Can further education help London out of the recession?

This event has already taken place.

This webinar discussed recent developments in further education and recommendations for reform as London plans its way out of the coronavirus crisis.

Catch up on the discussion

About the event

While London’s schools have improved over recent decades, its further education system has struggled. The percentage of working age Londoners participating in further education has fallen from 13.6 per cent five years ago to 7.5 per cent today. Overall spending on adult education, apprenticeships and other work-based learning fell by more than a third (37 per cent) in real terms over the last decade.

The pandemic and potential for recession makes addressing these failures more urgent than ever. Further education has a vital role to play in supporting Londoners affected by job losses, as well as young people entering the job market for the first time. London will also need to make a stronger case for its adult education offer, as employers typically cut down on training opportunities during recessions. And of course, the challenges of preparing for automation and immigration reform are not going away.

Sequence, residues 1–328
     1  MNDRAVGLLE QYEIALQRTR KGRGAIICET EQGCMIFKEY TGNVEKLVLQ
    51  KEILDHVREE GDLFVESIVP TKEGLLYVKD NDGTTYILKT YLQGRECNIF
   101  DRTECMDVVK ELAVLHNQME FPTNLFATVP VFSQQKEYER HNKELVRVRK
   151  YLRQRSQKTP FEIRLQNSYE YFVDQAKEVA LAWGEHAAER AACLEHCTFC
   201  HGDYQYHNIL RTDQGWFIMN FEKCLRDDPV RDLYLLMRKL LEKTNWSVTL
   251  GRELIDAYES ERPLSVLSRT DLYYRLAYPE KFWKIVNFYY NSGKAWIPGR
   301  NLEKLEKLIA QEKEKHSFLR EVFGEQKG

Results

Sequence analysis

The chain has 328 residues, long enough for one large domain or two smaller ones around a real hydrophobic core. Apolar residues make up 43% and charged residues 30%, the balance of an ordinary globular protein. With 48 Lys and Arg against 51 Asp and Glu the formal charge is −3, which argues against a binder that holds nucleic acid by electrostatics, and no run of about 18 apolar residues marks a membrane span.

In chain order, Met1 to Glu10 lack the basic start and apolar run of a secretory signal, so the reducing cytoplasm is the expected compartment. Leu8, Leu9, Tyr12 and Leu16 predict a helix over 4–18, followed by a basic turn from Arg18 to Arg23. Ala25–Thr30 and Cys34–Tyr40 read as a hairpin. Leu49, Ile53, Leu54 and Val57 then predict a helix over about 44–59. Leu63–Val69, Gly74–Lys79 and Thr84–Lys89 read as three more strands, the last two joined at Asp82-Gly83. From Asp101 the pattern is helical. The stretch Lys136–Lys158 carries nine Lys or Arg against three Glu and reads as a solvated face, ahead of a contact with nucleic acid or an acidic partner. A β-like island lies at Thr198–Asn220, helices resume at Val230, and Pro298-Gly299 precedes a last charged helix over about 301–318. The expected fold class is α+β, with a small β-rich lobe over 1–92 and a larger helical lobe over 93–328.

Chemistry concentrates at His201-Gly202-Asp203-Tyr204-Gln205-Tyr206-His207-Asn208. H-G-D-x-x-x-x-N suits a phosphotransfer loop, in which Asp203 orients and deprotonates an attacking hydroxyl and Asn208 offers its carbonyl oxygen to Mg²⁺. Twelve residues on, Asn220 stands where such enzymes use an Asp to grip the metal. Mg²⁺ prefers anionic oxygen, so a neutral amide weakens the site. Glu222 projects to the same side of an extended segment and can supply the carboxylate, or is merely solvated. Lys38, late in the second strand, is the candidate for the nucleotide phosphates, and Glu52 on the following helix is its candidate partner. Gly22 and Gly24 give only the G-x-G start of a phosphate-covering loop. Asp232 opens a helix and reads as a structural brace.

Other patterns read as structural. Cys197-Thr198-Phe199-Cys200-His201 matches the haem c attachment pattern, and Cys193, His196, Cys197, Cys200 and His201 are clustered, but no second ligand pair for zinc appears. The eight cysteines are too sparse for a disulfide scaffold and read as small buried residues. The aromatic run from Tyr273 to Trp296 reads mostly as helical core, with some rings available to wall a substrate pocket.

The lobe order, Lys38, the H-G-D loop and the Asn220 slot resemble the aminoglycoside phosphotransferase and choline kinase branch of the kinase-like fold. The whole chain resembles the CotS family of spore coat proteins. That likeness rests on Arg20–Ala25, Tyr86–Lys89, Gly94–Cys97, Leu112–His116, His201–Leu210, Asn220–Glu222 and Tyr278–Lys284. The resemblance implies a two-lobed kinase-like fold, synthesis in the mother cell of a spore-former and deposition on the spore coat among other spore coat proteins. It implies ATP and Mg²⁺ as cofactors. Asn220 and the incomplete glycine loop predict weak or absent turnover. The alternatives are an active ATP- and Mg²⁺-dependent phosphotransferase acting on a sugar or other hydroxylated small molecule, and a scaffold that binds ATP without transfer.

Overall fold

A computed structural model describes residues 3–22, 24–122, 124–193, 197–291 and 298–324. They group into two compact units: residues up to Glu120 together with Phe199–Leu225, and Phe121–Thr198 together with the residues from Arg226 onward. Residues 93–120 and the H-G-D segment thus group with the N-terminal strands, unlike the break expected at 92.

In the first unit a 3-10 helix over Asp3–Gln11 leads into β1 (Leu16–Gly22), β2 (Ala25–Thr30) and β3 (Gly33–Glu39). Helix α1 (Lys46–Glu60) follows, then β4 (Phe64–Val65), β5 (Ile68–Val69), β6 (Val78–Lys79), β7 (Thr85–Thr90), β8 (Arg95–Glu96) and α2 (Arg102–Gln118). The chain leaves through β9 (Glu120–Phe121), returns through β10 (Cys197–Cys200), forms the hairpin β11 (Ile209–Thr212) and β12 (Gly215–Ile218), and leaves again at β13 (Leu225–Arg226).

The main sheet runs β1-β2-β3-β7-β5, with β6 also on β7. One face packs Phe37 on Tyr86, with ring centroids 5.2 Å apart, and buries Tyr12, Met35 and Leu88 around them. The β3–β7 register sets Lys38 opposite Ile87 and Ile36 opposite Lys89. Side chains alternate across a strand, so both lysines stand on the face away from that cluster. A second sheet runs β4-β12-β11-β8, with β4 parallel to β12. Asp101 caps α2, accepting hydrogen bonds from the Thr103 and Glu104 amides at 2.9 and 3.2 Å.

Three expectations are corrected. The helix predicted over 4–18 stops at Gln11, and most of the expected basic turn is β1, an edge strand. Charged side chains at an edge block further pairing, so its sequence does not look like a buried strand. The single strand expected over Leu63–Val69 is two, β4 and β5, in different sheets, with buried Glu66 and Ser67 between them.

This webinar looked at recent developments in further education and set out recommendations for reform, as London plans its way out of the coronavirus crisis.

Centre for London presented new research findings, followed by a chaired discussion with questions including:

  • Is the capital’s further education system well-positioned to support Londoners through the recession, and the recovery?
  • What impact have the last decade of reforms had on adult learning in the capital? And where should our focus be in the coming years?
  • Can further education help heal some of the capital’s deep divides, by providing job and learning opportunities to those with low or no qualifications?
  • What opportunities are arising from furloughing, which is leaving a large number of people with time to learn?


  • Michelle Cuomo-Boorer, Director of Skills and Employment, Greater London Authority
  • Anthony Impey, Founder of Optimity, Chair of the Mayor’s Apprenticeship Advisory Group and Chair of DfE’s Apprenticeship Stakeholder Board
  • Mary Vine-Morris, Director, London Region, Association of Colleges
  • Nicolas Bosetti, Research Manager, Centre for London (Author)
  • Richard Brown, Deputy Director, Centre for London (Chair)


This project has been generously supported by